How does a capacitive load affect the power factor?

All electrical loads (including power transmission cabling) are some combination of resistive (R), inductive (L), and capacitive (C) circuits. All AC voltage and current waveforms have some angle between them; the cosine of that angle is called "power factor" and is typically expressed as a per unit (or sometimes percentage) value.

Capacitate load in three phase is used to raise the power factor, since the circuit current in capacitive circuit leads the supply voltage. The measure of the power factor is the reactive power, and the power factor is the cosine of the angle by which the current leads or lags the supply voltage, hence when we raise the power factor, we are actually decreasing the angle of lag between the supply current and voltage, since most loads are inductive, and making the cosine of that angle to be higher i.e. approaching unity, moreover reducing the reactive power, which does no job in a circuit, other than flowing to and fro causing overheating.

Purely resistive loads do not change the AC waveform applied to them at all. This means that voltage and current are running together and one wave shape laid over the other (neglecting amplitudes) will show no differences. Effectively, the "angle" between them is now zero - and the cosine of zero is unity.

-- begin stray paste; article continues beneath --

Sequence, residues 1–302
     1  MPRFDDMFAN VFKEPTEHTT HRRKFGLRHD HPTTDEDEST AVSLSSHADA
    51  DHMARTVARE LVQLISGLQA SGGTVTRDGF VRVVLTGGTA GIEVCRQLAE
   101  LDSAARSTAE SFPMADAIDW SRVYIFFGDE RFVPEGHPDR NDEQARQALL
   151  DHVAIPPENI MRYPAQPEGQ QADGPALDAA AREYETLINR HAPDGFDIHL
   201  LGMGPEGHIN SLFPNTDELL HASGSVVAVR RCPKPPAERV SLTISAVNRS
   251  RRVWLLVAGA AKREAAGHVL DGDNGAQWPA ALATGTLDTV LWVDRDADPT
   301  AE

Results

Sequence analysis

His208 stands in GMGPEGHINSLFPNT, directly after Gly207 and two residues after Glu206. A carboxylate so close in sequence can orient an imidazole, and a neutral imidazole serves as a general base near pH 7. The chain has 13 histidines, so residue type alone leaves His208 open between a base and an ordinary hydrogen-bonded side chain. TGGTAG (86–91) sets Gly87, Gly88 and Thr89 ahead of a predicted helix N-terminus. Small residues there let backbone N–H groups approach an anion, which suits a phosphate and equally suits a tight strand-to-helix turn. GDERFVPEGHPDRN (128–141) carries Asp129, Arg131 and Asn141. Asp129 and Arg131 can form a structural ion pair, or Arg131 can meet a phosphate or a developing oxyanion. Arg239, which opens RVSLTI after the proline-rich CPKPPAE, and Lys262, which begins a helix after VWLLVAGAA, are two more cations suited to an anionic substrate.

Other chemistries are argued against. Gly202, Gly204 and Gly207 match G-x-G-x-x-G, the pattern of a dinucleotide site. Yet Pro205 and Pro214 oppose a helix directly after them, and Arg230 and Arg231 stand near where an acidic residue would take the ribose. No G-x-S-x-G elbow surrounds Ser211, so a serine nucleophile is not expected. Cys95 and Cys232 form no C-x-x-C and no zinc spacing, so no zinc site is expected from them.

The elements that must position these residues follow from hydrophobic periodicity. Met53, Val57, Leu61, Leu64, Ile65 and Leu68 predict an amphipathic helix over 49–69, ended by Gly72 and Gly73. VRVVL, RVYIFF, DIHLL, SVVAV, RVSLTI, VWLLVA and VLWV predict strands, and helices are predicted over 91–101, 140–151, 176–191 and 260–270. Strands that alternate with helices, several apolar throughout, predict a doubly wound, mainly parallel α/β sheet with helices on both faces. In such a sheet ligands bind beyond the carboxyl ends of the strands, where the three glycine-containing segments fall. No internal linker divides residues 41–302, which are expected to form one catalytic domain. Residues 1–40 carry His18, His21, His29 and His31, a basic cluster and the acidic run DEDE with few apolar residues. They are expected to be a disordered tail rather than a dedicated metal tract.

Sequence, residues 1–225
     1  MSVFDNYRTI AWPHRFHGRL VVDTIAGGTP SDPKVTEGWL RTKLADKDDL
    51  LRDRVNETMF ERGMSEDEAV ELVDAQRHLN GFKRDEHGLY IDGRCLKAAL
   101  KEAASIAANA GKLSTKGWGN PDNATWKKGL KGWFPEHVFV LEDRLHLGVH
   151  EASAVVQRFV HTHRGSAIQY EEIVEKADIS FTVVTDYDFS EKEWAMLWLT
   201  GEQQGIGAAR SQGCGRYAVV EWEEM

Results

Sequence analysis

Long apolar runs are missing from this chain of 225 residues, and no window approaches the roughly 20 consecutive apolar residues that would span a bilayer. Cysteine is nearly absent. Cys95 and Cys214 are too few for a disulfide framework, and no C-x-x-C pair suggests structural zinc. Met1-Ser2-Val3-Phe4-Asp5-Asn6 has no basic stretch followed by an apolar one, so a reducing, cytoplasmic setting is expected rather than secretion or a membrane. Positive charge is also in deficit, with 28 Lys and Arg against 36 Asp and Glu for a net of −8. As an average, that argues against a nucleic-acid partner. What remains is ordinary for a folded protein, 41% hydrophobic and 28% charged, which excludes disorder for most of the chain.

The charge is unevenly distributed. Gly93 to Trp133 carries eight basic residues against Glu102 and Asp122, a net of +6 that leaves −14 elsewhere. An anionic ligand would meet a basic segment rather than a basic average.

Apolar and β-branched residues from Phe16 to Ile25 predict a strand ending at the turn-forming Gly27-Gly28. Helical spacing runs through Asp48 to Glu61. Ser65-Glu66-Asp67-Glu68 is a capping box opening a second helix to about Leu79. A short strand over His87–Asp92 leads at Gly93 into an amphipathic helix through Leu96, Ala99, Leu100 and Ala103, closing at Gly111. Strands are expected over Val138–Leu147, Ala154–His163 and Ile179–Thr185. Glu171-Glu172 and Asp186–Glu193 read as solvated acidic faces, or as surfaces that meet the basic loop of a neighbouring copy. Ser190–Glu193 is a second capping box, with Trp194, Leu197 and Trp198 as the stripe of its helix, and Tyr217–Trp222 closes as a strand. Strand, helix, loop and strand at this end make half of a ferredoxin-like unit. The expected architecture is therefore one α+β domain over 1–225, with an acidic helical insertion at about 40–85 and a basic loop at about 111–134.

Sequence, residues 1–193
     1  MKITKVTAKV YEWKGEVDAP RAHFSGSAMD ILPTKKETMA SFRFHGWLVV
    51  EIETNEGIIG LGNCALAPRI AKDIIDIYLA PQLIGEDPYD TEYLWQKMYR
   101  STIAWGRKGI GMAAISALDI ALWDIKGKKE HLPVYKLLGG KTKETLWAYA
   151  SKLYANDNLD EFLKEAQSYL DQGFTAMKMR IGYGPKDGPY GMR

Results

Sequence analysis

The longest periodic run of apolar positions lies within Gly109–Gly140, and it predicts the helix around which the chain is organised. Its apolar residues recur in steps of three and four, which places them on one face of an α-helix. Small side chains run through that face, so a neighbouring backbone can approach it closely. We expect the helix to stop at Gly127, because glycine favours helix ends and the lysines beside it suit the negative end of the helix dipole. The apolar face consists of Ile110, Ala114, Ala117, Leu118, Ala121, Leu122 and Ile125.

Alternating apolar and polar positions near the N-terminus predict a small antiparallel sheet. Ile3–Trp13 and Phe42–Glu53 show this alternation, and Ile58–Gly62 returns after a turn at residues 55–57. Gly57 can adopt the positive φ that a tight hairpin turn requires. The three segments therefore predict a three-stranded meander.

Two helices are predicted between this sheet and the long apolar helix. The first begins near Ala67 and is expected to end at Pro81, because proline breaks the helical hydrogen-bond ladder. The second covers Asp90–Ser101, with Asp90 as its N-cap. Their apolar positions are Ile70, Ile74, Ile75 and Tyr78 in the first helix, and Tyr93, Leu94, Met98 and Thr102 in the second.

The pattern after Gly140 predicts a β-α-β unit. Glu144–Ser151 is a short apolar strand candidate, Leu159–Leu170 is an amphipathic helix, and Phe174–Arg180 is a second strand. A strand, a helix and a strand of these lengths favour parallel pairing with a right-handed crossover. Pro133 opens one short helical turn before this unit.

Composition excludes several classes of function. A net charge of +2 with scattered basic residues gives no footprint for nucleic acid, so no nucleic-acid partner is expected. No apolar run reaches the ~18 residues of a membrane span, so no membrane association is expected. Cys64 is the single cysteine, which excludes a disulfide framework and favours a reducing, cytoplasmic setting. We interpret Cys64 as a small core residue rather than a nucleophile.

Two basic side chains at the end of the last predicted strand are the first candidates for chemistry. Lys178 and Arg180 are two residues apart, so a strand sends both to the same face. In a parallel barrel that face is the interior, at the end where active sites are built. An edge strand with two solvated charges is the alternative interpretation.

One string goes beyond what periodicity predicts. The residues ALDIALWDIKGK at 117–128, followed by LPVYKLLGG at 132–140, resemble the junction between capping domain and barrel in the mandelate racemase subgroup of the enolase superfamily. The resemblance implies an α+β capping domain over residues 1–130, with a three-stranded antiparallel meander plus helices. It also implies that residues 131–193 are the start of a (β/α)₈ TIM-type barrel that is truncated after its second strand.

Purely inductive loads "slow down" the current. Now the two waveforms are out-of-synch, producing a non-zero angle between them. In fact, the angle is 90 degrees. The term "lagging" is typically applied to loads in this condition because the current waveform "lags" behind the voltage waveform.

Purely capacitive loads "slow down" the voltage. Now the two waveforms are out-of-synch, producing a non-zero angle between them. In fact, the angle is 90 degrees. The term "leading" is typically applied to loads in this condition because the voltage waveform "lags" behind the current waveform. (Also could be stated as "current LEADS voltage".)

Most industrial equipment is primarily a combination of resistive and inductive elements (i.e. a motor). This means that these machines distort the relationship between current and voltage by "slowing down" the current waveform. To counteract this - i.e. bring the relationship closer to identical - capacitive elements are used to "slow down" the voltage and bring the two more in line.

If the angle between voltage and current becomes closer to zero, then the cosine of the angle becomes closer to unity - which means power factor is "improving". Improvement - in this case - means that more of the input power is going toward doing useful work (i.e. producing watts) instead of being wasted (by producing vars).

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